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Turkey’s central bank raises its year-end inflation forecast to 58 percent

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Turkey’s central bank more than doubled its year-end inflation forecast to 58 percent on Thursday as its new Wall Street-trained governor vowed to keep raising interest rates after years of controversial policies, Agence France-Presse reported.

Former Goldman Sachs and First Republic Bank executive Hafize Gaye Erkan announced the revised projections at her first press conference since her appointment last month.

The forecast, up from 22.3 percent prior to Erkan taking over, follows years of doubts from independent economists about the official rate.

Since Erkan took office, the central bank has increased interest rates twice as it pivots away from President Recep Tayyip Erdoğan’s unorthodox policy of cutting borrowing costs to fight inflation.

She indicated on Thursday that more hikes were coming.

“We will gradually strengthen the monetary tightening as needed until a significant improvement in inflation is achieved,” Erkan told journalists.

She said inflation would be on an upward trend “temporarily” due to the exchange rate and fiscal measures.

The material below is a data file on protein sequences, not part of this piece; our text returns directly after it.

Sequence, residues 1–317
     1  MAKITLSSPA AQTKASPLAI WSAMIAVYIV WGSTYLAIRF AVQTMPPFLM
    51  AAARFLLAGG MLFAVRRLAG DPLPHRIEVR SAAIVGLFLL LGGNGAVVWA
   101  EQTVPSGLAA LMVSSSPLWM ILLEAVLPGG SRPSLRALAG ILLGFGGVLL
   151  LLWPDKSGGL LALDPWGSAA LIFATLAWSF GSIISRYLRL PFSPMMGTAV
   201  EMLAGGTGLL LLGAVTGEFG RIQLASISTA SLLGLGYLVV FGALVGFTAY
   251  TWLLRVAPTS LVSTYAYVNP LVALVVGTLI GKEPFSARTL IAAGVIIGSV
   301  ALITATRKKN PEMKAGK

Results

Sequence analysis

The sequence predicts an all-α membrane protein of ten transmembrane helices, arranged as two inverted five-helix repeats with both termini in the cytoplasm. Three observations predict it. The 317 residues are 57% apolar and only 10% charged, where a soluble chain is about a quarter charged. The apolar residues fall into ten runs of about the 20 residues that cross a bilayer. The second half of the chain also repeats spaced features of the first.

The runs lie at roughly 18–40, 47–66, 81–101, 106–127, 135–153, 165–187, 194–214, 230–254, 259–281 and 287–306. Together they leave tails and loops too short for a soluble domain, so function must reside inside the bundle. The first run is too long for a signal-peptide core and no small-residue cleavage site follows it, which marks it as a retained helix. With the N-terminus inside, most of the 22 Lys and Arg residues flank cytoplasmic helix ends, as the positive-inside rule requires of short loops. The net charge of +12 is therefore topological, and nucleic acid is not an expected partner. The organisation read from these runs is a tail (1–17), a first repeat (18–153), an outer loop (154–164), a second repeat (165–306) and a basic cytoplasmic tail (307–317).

Erkan added that the bank’s main goal was price stability and that she hoped inflation would be on a downward trend with the start of monetary tightening.

The bank nearly doubled its rate last month from 8.5 percent to 15 percent but its following hike was smaller, raising it to 17.5 percent.

While markets have been clamoring for rate increases, the moves disappointed as analysts said they were not ambitious enough.

The Turkish currency has lost a quarter of its value against the dollar since the end of May. On Thursday morning the lira stood at 26.7 to the dollar.

Erkan is the first woman to hold the job.

Her resume includes diplomas from Princeton and Harvard, a top job at Wall Street titan Goldman Sachs and the role of co-CEO of California-based First Republic Bank.

Erdoğan also named former Merrill Lynch economist Mehmet Şimşek as finance minister.

Both have promoted conventional policies that include interest rate hikes to combat inflation — the opposite of the approach long backed by Erdoğan, who has a history of sacking the bank’s governors.

Erkan assured that after 2025, the period of stability would begin.

“We will continue to use all our tools with determination until inflation reduces to single digits,” she said.

BlueBay Asset Management economist Timothy Ash said on Twitter (which is being rebranded as X) that Erkan came across well in her press conference as she was “not sugar coating the problems with inflation.”

Even as inflation soared to 85.5 percent in October, Erdoğan continued to declare rate increase as an enemy.

But he said after winning a hard-fought election in May that he would approve his new economic team’s recipe to get Turkey out of its current troubles, even if he still did not back higher rates.

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